Everyone has time. Not everyone can spend it playing a game. This is a choice, and if you choose to spend your time raising a family then I say more power to you (it's one I'll get around to at some point hopefully, and I'll come down heavily on the side of raising a family). Some people choose to spend their time on a career, some on a family, some on both. The question becomes one which is being asked increasingly in the gaming community (I think): Is competitive gaming a sport? If it is, then my example stands and you can't expect to compete with someone who dedicates their life to playing the game when you've made the choice to raise a family, just like you can't expect to wander down to your local golf course and be on the same level as Tiger Woods. If it isn't and it's just a hobby, then why are you so determined to be on an equal footing with people who have more time than you? Playing games online is a hobby of mine. I don't spend a lot of time doing it compared to some people, so I'm not as good as them at it. Why should I be able to spend money (which someone else may not have) just to be on an equal footing with them? Does that not devalue the time and effort those people have put in? What is it about society today that demands everyone become equal at everything? These are the questions I find most interesting, and it's good to read all your replies thus far
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Old 09-02-2007, 02:44 PM   #12
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Re: What Does "Fair" Mean?

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In my opinion, what is "fair" is equal opportunity. As long as everyone in the game as the same METHODS of progression available to them, then you have the most fair system possible. Thus, I honestly believe almost all systems are "fair" unless the admin is just picking people out of the aether to reward or there's a really gray/shady system set up where the bonuses are not defined for your contributions. It's just up to the players to decide which MU* works best for how they want to progress.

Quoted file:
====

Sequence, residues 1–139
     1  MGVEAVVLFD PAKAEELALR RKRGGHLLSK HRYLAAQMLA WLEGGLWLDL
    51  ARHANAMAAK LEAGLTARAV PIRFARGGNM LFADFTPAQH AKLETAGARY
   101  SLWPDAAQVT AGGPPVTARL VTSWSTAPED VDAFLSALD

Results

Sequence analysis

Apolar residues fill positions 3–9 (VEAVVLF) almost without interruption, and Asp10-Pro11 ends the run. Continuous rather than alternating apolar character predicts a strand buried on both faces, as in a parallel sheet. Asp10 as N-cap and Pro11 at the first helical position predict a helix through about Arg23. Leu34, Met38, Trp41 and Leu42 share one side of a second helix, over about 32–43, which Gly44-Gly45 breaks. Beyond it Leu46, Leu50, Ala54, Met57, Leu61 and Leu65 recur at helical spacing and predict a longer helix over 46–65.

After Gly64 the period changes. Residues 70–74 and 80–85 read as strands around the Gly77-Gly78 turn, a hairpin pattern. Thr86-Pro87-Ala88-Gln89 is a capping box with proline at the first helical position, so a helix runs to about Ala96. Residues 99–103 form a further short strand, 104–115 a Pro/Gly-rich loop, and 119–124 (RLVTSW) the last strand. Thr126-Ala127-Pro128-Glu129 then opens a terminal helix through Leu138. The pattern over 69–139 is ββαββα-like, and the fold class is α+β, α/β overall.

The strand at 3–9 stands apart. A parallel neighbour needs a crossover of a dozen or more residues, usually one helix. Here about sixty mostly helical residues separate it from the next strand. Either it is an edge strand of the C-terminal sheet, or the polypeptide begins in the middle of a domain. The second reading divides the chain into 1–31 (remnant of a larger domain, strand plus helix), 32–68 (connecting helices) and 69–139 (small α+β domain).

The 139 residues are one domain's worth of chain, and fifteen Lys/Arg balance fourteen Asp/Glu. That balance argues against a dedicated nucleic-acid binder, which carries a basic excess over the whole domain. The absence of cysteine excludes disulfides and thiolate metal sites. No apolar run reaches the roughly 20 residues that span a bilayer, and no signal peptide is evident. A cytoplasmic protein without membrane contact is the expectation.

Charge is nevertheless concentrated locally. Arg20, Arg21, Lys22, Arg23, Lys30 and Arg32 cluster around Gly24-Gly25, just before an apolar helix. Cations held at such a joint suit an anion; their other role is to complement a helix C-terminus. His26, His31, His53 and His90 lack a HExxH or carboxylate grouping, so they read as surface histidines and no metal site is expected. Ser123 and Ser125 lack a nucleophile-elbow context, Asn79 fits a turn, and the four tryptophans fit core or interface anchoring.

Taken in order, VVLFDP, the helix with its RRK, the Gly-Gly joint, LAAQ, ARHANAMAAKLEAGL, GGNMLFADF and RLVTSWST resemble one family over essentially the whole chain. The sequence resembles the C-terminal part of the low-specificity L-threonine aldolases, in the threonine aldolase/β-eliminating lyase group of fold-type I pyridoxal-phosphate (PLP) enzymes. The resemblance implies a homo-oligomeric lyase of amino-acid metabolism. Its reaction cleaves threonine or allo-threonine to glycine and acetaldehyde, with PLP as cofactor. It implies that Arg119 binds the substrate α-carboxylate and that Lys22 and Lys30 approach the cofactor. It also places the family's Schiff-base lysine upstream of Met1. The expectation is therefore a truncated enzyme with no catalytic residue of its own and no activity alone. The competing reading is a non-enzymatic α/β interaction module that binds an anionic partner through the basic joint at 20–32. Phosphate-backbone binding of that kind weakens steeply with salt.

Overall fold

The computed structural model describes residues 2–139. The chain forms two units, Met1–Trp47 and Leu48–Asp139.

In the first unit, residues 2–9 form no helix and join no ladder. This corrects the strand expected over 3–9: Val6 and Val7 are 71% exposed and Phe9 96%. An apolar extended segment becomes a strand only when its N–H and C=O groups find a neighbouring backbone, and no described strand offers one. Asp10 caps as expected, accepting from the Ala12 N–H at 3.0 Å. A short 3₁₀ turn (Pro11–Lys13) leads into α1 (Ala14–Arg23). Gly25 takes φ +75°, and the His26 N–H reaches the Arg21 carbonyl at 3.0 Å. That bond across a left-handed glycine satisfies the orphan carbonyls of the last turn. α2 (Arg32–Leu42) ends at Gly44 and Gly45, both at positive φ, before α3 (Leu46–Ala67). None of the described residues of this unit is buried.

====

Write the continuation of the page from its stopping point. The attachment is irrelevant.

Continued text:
I think that I agree with that most - as long as the rules are clearly stated and followed (by game staff as well as players), I think you're pretty close to a fair system. If you look at it from the big picture, a player can always choose another game ahead of time, if they see a feature that they don't like. For example, if a MUD offered to make any character invincible for $100, a boon that can't be gotten any other way. I'd agree that it's a bad move, but not really unfair - as long as it is clearly stated and followed (i.e. the admin doesn't give free invincibility to his friends). A player who chooses to play that game knows what they're getting into. Perhaps they even like being at that disadvantage. Whatever the reason, they could easily choose to play a different game and have lost nothing.